The last time Bundee Aki wore the green jersey, things did not end well but four months on, the Ireland centre is relishing the opportunity to make amends.
Aki, 29, will return to the Irish midfield Saturday to face Scotland in the 2020 Six Nations opener, 16 weeks on from the split-second decision that led to the red card that ended his World Cup campaign.
It was a margin call, Aki bouncing out of contact and straight into another tackle, his collision with Samoa fly-half Ulupano Seuteni high enough to receive his marching orders and a three-week ban that ruled the Connacht star out of the following week’s quarter-final and the potential semi and final that never materialised.
Robbie Henshaw replaced Aki at inside centre to face the All Blacks in Tokyo, with Aki praised for his continuing commitment to the cause in helping to prepare the team despite knowing he could play no part in the knockout rounds.
His reward has been Ireland selection ahead of Henshaw by new head coach Andy Farrell in the side to face the Scots back in Dublin.
“It’s always special to put on that green jersey,” Aki said. “Haven’t put on that jersey since the last time at the World Cup and we’ll see what happens.
This week, I’ll be doing everything I can to help out this team and trying to play very well.
“It was unfortunate,” he said of his red card, “pretty disappointing at my end but I get a chance now to put the jersey back on and make everyone proud again, and hopefully I’ll play in the jersey with a lot of pride.
“Obviously you always want to try to rectify yourself. You always want to play a lot better than the last time you played.
“Everyone around me, my family, realised how disappointed I was finishing the World Cup the way it ended, but you can’t do anything at that time, decisions were made and the only way to deal with it was to play rugby again, try and play rugby the way you do best and you try not to think about that tackle, and try not to think about not making it happen again, you just want to try and enjoy rugby and go back to the basics because that’s what it is.
“If you look at it, how fast it happened, you know what I mean?
“It’s an instinct, it’s a reaction and it’s the way we grow up as rugby players, you just follow your instinct and obviously, if you think about it you’d go back and try and adjust, I don’t know, to be really clinical about the way I tackled.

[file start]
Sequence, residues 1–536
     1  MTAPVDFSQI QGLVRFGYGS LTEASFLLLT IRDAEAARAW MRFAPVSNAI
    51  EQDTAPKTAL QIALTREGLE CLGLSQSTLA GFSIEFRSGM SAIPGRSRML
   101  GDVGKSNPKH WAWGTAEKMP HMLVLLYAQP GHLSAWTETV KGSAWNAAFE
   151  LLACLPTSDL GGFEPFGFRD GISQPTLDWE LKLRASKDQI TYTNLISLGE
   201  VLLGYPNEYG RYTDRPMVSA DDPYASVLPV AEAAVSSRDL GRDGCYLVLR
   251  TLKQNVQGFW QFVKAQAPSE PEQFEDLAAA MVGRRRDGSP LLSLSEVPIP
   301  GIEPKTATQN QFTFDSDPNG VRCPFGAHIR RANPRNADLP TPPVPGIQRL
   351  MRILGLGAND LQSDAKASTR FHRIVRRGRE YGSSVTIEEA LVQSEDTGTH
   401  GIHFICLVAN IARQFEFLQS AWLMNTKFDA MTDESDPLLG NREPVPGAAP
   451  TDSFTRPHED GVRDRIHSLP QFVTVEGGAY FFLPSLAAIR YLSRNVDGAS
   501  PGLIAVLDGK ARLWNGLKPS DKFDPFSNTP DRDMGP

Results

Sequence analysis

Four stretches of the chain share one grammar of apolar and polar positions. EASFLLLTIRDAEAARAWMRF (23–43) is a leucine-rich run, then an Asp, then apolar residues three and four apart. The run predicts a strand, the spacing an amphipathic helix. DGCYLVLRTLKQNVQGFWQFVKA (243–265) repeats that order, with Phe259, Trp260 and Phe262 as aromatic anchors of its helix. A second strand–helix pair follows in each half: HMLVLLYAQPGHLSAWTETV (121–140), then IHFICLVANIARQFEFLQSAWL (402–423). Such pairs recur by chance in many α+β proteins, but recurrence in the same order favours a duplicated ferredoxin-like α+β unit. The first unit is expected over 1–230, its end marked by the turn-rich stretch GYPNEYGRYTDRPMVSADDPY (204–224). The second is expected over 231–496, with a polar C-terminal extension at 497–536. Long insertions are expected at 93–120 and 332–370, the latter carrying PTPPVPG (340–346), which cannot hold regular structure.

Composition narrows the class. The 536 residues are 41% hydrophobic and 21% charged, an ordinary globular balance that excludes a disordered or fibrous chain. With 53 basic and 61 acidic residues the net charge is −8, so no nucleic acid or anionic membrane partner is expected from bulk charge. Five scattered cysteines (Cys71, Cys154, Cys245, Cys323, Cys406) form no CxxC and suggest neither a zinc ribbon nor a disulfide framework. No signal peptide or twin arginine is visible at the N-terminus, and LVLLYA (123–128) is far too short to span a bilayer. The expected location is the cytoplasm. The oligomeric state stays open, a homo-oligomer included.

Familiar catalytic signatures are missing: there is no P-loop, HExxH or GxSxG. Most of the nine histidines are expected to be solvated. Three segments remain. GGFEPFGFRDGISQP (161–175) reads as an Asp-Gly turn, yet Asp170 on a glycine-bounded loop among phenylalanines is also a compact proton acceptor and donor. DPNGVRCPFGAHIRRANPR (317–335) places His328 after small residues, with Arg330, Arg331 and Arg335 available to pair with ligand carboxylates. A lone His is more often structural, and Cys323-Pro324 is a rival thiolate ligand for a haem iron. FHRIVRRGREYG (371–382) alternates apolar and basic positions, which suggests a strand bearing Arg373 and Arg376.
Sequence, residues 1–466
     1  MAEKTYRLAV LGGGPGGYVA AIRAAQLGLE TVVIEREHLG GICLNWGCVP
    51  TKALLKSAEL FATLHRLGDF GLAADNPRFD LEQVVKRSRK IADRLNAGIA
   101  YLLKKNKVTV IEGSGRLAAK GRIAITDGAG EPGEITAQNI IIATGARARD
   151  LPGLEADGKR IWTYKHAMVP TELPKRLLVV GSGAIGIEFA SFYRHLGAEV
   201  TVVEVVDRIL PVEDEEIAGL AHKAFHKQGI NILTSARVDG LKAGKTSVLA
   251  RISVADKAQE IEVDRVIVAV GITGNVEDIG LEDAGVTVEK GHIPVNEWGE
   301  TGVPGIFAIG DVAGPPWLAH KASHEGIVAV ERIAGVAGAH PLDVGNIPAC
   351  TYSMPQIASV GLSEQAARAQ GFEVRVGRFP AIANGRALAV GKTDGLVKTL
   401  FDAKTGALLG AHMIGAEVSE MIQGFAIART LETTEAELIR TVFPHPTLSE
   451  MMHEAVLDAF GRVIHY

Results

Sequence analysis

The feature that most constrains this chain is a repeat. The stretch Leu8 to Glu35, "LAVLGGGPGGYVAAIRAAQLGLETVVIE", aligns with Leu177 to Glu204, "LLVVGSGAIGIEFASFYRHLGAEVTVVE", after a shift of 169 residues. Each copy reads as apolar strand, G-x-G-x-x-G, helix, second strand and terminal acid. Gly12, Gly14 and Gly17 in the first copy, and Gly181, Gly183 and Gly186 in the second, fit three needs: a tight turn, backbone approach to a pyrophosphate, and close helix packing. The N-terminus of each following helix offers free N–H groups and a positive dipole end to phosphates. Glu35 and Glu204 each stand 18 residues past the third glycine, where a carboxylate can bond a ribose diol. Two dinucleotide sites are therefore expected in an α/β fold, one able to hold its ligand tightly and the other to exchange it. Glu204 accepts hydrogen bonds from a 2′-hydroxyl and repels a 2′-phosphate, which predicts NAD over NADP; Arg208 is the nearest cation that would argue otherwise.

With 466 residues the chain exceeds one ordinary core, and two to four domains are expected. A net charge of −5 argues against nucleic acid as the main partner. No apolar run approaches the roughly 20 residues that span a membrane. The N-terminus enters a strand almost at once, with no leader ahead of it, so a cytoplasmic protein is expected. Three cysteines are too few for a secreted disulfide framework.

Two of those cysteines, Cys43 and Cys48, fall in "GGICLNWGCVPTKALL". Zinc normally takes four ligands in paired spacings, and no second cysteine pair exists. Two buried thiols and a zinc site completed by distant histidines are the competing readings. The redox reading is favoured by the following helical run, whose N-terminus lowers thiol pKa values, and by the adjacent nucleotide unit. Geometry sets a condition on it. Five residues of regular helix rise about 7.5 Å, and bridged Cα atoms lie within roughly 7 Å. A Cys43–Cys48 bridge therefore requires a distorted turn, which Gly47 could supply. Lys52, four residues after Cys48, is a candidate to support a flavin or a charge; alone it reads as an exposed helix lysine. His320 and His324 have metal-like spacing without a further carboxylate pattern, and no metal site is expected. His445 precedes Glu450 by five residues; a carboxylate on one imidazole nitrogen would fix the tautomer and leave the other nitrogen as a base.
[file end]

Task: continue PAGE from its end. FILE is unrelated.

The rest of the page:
“Yes, I should have gone lower, yes, I should have slowed my feet down, yes, I should have done this and that.
But it just happened so quick, it happened so fast and it just ended the way it did.
Aki is determined not to dwell on the past and instead focus on the future but he admitted that it is not so easy to put that into practice.
“It does linger for a while. I have that in the back of my head, knowing what happened in the past, knowing that it’s going to sit with you for a while but still be able to focus on the next week or the next moment because you can’t let that affect the way you play, and keep affecting the way you play.
“You still have to play the game you want to play and still play as hard as you can, as best as you can and you’re going to do that knowing that there were things that you weren’t satisfied with in the previous few games.”
The sending off could have brought Aki to a career crossroads with plenty of interest overseas in his services yet the Auckland-born centre is driven to succeed in his adopted homeland and the signing of an IRFU central contract last November that keeps him in Ireland with Connacht for an additional three years, taking him up to at least the next World Cup in 2023.
I have unfinished business here and I’m just going to keep going until I make sure that business is done ... I have goals here and it is making sure I adhere to those goals.